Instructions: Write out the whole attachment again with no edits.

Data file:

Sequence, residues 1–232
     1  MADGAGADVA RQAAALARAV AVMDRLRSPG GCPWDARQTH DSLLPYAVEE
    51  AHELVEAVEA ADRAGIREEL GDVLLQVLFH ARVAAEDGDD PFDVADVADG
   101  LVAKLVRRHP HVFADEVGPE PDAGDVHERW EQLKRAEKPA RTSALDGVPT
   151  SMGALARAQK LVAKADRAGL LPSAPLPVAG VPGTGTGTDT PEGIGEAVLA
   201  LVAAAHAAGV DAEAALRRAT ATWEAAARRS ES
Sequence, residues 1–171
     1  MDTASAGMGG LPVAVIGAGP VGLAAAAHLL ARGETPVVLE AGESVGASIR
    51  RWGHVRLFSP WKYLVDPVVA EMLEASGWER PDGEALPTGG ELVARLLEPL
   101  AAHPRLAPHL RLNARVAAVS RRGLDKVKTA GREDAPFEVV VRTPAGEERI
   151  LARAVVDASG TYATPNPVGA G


Sequence, residues 1–232
     1  MADGAGADVA RQAAALARAV AVMDRLRSPG GCPWDARQTH DSLLPYAVEE
    51  AHELVEAVEA ADRAGIREEL GDVLLQVLFH ARVAAEDGDD PFDVADVADG
   101  LVAKLVRRHP HVFADEVGPE PDAGDVHERW EQLKRAEKPA RTSALDGVPT
   151  SMGALARAQK LVAKADRAGL LPSAPLPVAG VPGTGTGTDT PEGIGEAVLA
   201  LVAAAHAAGV DAEAALRRAT ATWEAAARRS ES
Sequence, residues 1–171
     1  MDTASAGMGG LPVAVIGAGP VGLAAAAHLL ARGETPVVLE AGESVGASIR
    51  RWGHVRLFSP WKYLVDPVVA EMLEASGWER PDGEALPTGG ELVARLLEPL
   101  AAHPRLAPHL RLNARVAAVS RRGLDKVKTA GREDAPFEVV VRTPAGEERI
   151  LARAVVDASG TYATPNPVGA G